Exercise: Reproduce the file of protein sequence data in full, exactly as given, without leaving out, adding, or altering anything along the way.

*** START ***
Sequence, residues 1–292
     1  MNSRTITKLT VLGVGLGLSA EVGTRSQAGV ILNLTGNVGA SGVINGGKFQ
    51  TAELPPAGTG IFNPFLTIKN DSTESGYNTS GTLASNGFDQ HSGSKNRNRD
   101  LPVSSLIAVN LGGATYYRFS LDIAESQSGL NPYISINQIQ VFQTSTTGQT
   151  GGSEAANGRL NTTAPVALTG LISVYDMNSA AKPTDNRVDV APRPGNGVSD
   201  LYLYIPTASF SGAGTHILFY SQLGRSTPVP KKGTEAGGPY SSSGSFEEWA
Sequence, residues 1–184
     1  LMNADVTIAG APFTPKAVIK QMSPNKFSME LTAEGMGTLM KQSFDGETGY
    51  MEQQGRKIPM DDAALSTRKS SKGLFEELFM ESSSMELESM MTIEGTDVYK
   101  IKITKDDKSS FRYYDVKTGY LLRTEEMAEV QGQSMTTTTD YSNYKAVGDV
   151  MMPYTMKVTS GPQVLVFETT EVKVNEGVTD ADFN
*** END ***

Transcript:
Sequence, residues 1–292
     1  MNSRTITKLT VLGVGLGLSA EVGTRSQAGV ILNLTGNVGA SGVINGGKFQ
    51  TAELPPAGTG IFNPFLTIKN DSTESGYNTS GTLASNGFDQ HSGSKNRNRD
   101  LPVSSLIAVN LGGATYYRFS LDIAESQSGL NPYISINQIQ VFQTSTTGQT
   151  GGSEAANGRL NTTAPVALTG LISVYDMNSA AKPTDNRVDV APRPGNGVSD
   201  LYLYIPTASF SGAGTHILFY SQLGRSTPVP KKGTEAGGPY SSSGSFEEWA
Sequence, residues 1–184
     1  LMNADVTIAG APFTPKAVIK QMSPNKFSME LTAEGMGTLM KQSFDGETGY
    51  MEQQGRKIPM DDAALSTRKS SKGLFEELFM ESSSMELESM MTIEGTDVYK
   101  IKITKDDKSS FRYYDVKTGY LLRTEEMAEV QGQSMTTTTD YSNYKAVGDV
   151  MMPYTMKVTS GPQVLVFETT EVKVNEGVTD ADFN